The Scottish Parliament will undergo a “reboot” in 2016 with new powers over tax and welfare poised to bring about the biggest overhaul in the way Scotland is governed since devolution, Scottish Secretary David Mundell will say today.
The UK cabinet minister will use a keynote speech to hail the changes as “transformational” and urge Scotland’s political parties to set out how they will use the new powers to improve the lives of Scots ahead of the Holyrood election in May.
Labour leader Kezia Dugdale will reaffirm plans to raise taxes for the high earners in a separate address today, as she warns that the enhanced powers coming to Holyrood will “change the political debate in Scotland.”
Ms Dugdale will say the forthcoming Holyrood election in May will mark a “set of choices on taxation” for the first time in Scotland.
Mr Mundell will describe 2016 as “the year of a new Scottish Parliament” as he attempts to set out the scale of the changes in Scotland’s governance during an address in Edinburgh.
“It’s going to be the biggest shift of power in the history of the UK,” a source close to Mr Mundell told The Scotsman last night.
“This is going to be transformational and almost as big a change in the way Scotland is governed as introduction of the Parliament in 1999.”
Mr Mundell’s intervention today marks the start of a public awareness raising drive by the by UK Government.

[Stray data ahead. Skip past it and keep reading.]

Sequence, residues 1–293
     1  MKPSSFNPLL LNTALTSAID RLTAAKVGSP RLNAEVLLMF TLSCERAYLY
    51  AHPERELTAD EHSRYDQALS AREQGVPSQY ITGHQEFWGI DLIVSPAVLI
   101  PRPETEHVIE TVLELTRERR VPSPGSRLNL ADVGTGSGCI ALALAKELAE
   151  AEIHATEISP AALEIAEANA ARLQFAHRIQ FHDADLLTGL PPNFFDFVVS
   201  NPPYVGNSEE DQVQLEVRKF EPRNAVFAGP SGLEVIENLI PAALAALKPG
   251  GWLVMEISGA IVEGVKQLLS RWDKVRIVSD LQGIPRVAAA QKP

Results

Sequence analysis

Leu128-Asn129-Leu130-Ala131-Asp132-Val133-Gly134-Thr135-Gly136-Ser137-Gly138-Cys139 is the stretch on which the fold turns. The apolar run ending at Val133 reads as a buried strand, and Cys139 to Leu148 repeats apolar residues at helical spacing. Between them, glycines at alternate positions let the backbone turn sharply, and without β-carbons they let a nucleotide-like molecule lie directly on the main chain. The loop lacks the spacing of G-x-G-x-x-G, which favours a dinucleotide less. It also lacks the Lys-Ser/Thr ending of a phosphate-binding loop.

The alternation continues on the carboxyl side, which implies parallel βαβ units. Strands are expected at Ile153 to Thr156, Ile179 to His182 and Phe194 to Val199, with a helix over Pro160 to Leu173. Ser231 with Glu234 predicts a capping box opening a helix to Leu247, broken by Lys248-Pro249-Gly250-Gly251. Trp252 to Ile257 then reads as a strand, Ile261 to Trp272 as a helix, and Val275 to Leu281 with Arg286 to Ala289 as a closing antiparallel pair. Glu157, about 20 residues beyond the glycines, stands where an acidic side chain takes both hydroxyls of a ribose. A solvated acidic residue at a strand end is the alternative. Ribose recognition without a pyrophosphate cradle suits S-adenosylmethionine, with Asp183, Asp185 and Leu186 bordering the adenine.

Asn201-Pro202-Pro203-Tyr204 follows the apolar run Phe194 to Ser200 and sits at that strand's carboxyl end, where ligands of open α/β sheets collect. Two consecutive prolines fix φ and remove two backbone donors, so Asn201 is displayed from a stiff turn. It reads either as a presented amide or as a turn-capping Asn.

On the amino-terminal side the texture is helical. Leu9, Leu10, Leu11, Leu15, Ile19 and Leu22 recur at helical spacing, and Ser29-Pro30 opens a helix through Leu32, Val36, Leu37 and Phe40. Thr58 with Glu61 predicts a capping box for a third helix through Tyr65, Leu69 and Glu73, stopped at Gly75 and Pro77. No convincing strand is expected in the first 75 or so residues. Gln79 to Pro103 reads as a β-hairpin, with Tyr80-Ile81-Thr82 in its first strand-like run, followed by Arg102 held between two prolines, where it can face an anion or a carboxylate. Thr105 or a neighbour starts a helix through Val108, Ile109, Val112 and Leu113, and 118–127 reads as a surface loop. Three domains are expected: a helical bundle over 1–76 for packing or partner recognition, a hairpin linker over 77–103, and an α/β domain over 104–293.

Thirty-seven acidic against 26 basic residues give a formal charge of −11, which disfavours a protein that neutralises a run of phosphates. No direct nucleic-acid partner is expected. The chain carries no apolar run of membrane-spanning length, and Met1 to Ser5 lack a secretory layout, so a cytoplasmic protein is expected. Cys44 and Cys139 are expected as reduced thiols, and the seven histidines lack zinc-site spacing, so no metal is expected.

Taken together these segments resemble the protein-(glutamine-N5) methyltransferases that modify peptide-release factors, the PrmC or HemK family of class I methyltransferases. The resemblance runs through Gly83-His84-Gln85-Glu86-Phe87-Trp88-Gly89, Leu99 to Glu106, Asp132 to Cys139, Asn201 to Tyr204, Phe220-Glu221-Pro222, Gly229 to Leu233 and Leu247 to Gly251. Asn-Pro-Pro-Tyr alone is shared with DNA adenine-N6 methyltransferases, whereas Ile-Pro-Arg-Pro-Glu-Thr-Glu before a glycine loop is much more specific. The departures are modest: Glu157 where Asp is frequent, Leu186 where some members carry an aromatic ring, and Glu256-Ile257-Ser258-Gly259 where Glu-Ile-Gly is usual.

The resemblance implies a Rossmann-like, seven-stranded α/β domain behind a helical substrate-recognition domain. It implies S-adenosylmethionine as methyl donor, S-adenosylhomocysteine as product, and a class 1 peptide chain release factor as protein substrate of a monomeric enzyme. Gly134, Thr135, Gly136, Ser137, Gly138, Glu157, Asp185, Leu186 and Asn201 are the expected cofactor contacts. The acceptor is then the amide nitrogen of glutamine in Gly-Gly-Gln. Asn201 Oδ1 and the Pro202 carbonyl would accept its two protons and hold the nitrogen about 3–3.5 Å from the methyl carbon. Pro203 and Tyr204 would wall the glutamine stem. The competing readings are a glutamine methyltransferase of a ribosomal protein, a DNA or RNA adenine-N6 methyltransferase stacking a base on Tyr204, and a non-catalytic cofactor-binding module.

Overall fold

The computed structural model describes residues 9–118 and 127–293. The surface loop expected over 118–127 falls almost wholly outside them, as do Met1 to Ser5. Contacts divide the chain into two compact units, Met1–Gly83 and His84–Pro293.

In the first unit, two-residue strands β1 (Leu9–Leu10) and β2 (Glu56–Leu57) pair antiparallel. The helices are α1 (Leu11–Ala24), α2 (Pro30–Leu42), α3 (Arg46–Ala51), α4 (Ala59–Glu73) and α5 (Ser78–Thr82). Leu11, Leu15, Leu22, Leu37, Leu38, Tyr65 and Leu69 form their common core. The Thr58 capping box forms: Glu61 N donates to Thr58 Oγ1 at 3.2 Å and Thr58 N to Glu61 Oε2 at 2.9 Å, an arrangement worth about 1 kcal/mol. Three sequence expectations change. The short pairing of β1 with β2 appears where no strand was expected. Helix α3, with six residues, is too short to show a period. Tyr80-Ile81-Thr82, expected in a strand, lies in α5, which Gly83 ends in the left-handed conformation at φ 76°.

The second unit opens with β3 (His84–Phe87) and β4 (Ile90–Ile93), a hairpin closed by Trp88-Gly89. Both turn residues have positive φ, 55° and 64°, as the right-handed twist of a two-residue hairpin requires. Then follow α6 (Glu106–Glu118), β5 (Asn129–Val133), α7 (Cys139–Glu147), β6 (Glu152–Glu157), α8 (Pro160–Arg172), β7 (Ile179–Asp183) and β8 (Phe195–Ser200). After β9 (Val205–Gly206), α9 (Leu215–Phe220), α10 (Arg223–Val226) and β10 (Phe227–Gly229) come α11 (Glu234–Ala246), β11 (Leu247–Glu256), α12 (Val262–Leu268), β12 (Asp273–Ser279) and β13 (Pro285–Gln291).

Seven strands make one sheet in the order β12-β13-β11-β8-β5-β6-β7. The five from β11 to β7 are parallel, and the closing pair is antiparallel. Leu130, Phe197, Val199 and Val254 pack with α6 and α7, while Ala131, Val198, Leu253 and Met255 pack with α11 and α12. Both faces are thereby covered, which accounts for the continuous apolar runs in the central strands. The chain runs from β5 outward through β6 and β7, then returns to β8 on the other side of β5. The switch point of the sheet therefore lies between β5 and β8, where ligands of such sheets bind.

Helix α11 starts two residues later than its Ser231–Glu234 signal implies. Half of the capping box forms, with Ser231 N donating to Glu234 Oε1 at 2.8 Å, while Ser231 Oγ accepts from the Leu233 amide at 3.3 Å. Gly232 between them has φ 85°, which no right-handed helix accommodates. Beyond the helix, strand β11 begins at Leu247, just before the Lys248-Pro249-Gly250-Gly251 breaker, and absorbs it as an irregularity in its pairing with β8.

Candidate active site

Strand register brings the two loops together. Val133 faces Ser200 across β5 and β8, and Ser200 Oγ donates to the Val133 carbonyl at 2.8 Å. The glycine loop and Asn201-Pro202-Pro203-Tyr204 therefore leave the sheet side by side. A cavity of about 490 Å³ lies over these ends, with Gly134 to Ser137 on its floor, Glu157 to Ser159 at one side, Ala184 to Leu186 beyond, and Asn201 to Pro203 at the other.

“The political parties need to start being a but more upfront with the public about the scale of the change, but also what they will do with the new powers – not just in a theoretical sense but what they will do to help people throughout their lives and increase their life changes,” the source added.
The incoming Scottish Government will take control over income tax rates and bands in the next few years under the package of powers being handed to Holyrood as part of the post-referendum Smith Commission package.
This could allow ministers to tax high-earners, which Labour has already pledged to do. Nicola Sturgeon has indicated she could back this, but the Tories are committed to keeping taxes in line with the UK level.
The new welfare powers have been a source of contention with Nationalist’s insisting they don’t go far enough. But Mr Mundell will insist today MSPs will have powers to create programmes which will help some of the “hardest people to reach” to get back into work.
“It will be a very different Parliament with a very different job to do when you compare it to its predecessors,” the source added. “It’s almost like a reboot of Holyrood – or Holyrood 2.0 if you like.”
But a spokesman for the SNP last night said it is a “premature” for Mr Mundell to call on parties how they will use the powers proposed in the Scotland Bill, because final negotiations are still being carried out on the fiscal framework which underpins the financial powers.
“Mr Mundell cannot just sweep these issues under the carpet,” the spokesman said.The Scottish Parliament should not give consent to any further powers being devolved without an agreed fiscal framework that is fair for Scotland.”